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Slower economic growth and smaller property/casualty rate hikes will likely lead to lower organic revenue growth among insurance brokers this year, and higher borrowing costs will crimp acquisitions, Moody’s Investors Service said in a report released Thursday.
Gross domestic product growth among leading rich and developing nations will likely slow from 2.7% in 2022 to 2% in 2023 and 2.4% in 2024, and the U.S. economy will likely stall, the New York-based rating agency said.
And industry surveys show aggregate year-over-year U.S. commercial lines rates tapering, Moody’s said.
Even with the slowing economy and lower rate increases, many insurance coverages are critical or mandatory, the report said.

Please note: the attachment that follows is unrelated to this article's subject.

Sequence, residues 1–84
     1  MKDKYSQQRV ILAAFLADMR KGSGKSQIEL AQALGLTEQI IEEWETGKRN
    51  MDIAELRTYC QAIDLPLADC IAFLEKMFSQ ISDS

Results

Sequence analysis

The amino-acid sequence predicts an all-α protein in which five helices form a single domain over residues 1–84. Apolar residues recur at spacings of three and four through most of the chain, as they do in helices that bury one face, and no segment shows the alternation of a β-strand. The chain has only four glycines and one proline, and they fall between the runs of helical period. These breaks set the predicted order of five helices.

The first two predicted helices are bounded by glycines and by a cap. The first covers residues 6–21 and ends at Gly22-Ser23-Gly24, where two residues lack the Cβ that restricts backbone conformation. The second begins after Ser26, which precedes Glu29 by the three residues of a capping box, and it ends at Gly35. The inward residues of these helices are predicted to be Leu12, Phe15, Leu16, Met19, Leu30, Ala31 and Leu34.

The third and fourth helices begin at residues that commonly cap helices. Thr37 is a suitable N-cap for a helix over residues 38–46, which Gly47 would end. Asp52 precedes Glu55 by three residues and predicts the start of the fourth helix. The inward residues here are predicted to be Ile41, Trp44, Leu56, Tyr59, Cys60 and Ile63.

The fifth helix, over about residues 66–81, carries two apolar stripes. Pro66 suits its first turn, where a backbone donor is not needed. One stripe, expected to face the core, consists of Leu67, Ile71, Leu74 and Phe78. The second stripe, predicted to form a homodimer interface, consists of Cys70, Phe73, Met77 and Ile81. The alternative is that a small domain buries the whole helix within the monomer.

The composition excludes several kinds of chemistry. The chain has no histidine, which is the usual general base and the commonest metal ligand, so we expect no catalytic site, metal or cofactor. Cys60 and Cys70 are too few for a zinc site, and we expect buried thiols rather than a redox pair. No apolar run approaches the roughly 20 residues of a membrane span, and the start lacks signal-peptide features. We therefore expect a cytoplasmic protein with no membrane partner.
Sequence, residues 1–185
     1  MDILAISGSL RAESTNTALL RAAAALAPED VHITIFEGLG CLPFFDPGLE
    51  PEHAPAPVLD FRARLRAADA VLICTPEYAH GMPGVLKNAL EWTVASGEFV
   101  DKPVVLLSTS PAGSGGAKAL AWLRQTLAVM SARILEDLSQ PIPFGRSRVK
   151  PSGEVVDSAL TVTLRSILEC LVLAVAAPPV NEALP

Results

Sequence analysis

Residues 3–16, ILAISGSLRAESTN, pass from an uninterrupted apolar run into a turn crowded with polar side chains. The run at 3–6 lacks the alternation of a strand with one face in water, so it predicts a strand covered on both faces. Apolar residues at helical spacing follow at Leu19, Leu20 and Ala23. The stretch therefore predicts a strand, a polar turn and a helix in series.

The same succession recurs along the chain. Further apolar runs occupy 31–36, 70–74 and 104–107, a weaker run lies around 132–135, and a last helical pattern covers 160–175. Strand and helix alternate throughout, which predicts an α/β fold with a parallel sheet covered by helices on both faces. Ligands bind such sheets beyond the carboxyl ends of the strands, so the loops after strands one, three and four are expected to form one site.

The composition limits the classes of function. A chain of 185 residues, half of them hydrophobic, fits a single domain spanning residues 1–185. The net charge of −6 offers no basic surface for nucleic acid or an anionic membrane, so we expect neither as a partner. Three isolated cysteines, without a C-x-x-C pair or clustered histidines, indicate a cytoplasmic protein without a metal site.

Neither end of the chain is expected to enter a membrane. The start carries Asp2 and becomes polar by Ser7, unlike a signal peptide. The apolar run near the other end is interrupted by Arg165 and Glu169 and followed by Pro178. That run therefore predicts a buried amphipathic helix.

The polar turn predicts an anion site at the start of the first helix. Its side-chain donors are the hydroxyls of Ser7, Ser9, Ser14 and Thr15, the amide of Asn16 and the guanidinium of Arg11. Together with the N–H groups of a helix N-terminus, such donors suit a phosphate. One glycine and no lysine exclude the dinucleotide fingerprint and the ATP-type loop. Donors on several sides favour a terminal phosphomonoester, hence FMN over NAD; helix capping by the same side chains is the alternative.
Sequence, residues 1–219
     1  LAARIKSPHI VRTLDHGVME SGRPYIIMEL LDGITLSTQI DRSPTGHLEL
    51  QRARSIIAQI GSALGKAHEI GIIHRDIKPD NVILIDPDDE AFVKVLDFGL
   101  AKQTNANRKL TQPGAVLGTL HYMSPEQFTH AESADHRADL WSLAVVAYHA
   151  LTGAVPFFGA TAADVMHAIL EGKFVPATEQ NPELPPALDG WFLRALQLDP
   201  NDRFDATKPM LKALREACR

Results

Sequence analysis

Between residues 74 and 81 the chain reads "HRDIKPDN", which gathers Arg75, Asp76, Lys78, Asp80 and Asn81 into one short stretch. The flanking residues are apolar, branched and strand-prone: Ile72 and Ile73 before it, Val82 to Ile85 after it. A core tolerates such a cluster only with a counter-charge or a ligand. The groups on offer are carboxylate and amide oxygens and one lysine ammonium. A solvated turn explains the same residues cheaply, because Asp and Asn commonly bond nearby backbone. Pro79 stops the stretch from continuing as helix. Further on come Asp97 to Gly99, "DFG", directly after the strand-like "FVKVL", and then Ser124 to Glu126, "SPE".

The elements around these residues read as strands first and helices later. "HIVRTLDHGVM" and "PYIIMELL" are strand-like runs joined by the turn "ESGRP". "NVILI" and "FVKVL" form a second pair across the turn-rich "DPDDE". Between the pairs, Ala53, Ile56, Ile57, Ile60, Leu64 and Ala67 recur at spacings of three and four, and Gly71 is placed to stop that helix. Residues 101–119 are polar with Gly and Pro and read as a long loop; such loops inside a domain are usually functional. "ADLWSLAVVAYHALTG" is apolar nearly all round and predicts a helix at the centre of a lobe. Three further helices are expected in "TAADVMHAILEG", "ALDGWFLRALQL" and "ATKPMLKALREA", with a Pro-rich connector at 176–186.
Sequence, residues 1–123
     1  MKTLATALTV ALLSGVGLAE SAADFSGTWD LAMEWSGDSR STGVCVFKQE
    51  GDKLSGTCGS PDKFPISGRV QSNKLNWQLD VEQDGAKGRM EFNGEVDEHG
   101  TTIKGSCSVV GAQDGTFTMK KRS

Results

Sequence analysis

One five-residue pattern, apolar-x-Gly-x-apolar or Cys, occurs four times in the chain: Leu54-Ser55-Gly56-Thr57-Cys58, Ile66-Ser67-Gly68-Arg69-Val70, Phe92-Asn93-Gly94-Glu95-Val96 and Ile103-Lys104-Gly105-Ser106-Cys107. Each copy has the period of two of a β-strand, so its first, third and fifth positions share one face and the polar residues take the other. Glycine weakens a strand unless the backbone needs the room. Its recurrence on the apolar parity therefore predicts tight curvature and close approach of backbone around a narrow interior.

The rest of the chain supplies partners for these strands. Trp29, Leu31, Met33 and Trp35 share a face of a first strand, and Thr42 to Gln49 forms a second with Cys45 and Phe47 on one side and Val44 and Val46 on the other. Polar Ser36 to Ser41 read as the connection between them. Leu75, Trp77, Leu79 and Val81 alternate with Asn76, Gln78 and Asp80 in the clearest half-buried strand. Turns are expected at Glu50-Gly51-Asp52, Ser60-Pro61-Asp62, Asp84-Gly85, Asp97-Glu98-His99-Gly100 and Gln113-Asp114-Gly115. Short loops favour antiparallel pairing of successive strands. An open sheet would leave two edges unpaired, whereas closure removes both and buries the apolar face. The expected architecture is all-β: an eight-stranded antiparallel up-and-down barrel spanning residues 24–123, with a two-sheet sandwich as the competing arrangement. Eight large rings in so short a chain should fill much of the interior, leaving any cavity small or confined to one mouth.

“We expect most brokers to report healthy organic growth in the mid-single digits in 2023, with some specialty and wholesale operations reporting faster growth,” the report said. Average organic revenue growth for publicly traded brokers hit 10.7% in the second quarter of 2021 and remained at 7.2% in the fourth quarter of 2022, Moody’s said.
Meanwhile, faced with higher interest rates and weaker economic conditions, “insurance brokers are increasingly selective in their acquisitions,” the report said.
But the sector remains fragmented so consolidation will continue and multiples of earnings paid for companies will remain high, Moody’s said.
The rating agency changed its outlook for the insurance brokerage sector to stable from positive.